2. Since we had a LOT of issues (potential, actual and fictional problems) initially, I felt the need to get a quick overview. To allow people to submit "Candidates" gave me just that, and also pointed out areas where many functions/teams/users have similar issues. At one point, 5 or 6 different candidates from different sources were promoted to ONE Problem Ticket - they all pointed towards the same Root Cause (sloppy programming of a helper application).
These days, a rejection is VERY rare. Also, the initial flood of submitted Candidates has slowed down to a trickle, most being proactive stuff.
Many advantages in this Candidate level. But: it may or may not be usable in your organisation.
/R _________________ ---------------- bragging line -----------------
V2 Combined Practitioner (service support)
Joined: Jul 24, 2009 Posts: 23 Location: Sydney, Australia
Posted: Mon Dec 07, 2009 6:25 am Post subject:
We have also been working where only the Incident & Problem Managers were allowed to register problem records. We found that there was a bottleneck when we worked this way as there was way too many problems that were not being registered as it was only the global team of 4 that could register these records and a total of 1200 IT users.
Also technicians were already working with the problem management process is some way but were recording their investigative and resolution work in their own operations activities databases and then submitting disconnected RFCs etc. They would get discouraged to even request a problem record be created as they needed to fill out a form with the following questions :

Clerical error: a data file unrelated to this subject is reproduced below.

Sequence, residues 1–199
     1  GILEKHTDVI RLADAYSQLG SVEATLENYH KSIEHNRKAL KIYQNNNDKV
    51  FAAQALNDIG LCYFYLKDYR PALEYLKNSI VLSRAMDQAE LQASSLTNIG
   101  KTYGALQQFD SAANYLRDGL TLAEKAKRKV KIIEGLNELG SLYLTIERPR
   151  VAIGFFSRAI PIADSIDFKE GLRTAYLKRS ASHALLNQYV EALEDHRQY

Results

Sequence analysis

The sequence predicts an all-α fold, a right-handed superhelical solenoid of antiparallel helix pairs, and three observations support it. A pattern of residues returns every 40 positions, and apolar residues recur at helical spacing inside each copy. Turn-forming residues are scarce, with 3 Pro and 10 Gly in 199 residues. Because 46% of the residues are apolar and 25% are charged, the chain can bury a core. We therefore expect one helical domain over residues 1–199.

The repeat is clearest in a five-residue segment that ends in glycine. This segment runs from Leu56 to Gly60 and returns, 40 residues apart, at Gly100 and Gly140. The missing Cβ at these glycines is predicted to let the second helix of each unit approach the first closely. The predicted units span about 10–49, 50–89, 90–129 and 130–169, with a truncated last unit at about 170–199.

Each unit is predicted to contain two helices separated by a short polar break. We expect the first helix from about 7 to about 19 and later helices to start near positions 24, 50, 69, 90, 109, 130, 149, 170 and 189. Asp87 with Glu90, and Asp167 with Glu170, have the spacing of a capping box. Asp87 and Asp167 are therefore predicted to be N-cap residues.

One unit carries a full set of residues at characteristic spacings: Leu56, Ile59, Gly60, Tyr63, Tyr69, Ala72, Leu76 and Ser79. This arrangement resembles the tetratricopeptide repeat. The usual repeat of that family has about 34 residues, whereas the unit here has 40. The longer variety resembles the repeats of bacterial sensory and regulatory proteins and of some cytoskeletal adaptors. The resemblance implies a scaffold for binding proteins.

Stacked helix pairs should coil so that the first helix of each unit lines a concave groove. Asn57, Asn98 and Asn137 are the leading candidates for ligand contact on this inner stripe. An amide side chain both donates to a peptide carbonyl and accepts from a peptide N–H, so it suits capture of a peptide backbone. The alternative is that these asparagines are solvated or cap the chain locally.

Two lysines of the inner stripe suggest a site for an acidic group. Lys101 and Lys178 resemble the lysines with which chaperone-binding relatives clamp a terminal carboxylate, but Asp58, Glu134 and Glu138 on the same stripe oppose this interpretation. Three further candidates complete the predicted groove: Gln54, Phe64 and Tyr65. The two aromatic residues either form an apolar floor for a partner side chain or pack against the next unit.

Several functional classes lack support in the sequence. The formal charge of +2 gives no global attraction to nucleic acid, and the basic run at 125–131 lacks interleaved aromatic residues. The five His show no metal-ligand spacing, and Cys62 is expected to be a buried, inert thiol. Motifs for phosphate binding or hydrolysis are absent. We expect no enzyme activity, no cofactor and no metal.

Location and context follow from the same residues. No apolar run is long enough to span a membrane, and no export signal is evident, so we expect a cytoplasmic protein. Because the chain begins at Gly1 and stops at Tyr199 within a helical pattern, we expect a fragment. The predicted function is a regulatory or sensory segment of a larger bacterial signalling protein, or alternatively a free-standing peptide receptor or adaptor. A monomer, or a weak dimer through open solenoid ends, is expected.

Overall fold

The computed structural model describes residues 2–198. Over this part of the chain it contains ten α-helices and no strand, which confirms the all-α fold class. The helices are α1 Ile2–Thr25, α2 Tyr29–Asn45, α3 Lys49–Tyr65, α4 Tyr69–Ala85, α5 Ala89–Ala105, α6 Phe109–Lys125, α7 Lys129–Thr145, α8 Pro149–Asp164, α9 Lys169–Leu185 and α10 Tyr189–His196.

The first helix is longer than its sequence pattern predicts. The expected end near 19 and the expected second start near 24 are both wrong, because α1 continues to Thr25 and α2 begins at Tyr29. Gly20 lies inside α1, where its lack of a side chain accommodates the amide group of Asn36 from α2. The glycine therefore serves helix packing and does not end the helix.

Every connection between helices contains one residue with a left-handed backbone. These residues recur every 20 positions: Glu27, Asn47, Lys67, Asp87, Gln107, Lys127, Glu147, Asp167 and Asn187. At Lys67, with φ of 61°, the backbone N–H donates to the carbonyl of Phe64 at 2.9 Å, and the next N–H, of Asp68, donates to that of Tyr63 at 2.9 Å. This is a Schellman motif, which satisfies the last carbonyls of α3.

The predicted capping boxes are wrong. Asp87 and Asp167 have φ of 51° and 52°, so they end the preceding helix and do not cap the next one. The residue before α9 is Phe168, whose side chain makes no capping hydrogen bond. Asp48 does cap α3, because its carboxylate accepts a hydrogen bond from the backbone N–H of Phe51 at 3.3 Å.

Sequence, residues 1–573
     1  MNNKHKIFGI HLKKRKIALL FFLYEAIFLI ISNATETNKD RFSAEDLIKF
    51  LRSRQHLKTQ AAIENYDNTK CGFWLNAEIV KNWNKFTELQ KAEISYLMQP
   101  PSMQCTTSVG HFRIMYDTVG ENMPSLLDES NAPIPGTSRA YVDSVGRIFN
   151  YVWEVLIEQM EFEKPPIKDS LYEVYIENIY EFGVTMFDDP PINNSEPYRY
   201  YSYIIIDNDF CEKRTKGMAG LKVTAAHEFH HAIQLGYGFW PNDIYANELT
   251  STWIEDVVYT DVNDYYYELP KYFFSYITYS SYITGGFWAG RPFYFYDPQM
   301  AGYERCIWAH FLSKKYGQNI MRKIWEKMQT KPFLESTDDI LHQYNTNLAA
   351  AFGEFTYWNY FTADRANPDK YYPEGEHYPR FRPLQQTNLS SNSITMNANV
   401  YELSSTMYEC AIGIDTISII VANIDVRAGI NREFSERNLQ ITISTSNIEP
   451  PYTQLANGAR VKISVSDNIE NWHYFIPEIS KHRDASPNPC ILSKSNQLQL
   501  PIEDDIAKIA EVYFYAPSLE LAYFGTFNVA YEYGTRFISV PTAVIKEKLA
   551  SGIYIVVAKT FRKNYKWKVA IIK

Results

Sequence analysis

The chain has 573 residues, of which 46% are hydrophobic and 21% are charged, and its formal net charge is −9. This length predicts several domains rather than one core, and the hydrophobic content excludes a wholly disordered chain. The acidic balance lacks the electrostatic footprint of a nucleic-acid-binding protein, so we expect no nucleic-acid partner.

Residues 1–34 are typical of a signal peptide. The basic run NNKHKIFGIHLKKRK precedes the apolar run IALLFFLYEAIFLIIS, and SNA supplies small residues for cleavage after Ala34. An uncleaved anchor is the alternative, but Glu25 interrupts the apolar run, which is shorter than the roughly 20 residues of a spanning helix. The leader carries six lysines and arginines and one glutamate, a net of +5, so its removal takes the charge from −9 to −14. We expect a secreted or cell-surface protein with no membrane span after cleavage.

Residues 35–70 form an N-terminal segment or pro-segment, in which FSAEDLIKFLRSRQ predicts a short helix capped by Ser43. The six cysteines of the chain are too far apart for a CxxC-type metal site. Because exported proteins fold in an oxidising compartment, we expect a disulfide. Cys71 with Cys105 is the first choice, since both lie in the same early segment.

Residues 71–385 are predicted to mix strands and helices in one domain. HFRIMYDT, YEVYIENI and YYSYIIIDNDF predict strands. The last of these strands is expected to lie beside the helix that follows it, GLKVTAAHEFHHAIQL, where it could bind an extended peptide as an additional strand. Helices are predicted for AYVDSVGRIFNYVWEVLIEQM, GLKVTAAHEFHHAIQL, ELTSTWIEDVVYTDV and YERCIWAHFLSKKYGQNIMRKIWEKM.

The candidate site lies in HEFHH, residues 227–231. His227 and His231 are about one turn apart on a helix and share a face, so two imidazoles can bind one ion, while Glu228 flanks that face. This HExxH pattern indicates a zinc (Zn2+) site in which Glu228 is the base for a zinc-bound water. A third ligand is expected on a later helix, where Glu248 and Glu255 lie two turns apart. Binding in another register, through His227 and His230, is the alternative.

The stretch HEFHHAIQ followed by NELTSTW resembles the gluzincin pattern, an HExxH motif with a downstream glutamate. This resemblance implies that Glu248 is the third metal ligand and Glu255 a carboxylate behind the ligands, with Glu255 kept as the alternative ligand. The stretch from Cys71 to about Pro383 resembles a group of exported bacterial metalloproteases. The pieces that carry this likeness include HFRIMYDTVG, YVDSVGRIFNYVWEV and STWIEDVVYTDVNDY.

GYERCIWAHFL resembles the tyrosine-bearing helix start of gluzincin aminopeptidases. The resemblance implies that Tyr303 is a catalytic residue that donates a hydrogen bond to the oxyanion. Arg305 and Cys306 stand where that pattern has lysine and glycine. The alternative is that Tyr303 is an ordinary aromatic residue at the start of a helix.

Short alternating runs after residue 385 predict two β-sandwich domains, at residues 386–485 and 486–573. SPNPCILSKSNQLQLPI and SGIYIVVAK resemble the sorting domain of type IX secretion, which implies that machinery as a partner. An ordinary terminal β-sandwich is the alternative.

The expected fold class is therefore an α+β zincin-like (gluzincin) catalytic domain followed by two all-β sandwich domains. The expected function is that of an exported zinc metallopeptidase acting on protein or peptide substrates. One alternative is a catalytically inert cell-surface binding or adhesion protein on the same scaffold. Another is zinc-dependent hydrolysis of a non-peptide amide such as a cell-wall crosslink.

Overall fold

- Please provide a Summary of this Problem in your own words
- How long has this problem existed ?
- How did you become aware of it ?
- What criteria has been met for this to be defined as a Problem ?
Please choose one :
When a P2/UH Incident is recorded
Monitoring events that might lead to a future Incident (e.g. disk space warning, low bandwidth)
Workaround or temporary fix is not available
Unsustainable workaround (e.g. end user not satisfied with the workaround)
Incidents caused by changes or releases
- Please list all the related Incident Records and/or RFCS that are
related to this Problem
- Do you know of any current workarounds that exist for this Problem
- What is the impact of this problem today ? (How many people are
effected by it that you are aware of and where are they located ?)
- Who shall be the stakeholder and/or contact person for this Problem ?
- What is the best contact number for this Contact ?
These are not all mandatory and the requestor is encouraged to fill in as many questions as possible. They were also discouraged at the fact they needed to ask someone else to create the problem record and felt frustrated when they couldnt do it themselves.
We have now been running Problem Management training sessions slowly throughout the organisation and then opening up the ability of users to create their own problem records once they have had the training. I am aiming at keeping this group to as small as possible so we dont lose the focus on process adherence.
I really hope that this actually adds value and at least encourages the techies to log problems in the right tool and connect them back to the RFCs being used. We are now implementing a KEDB. That will be fun ! _________________ ITIL V3 Capability - Operational Support & Analysis Certified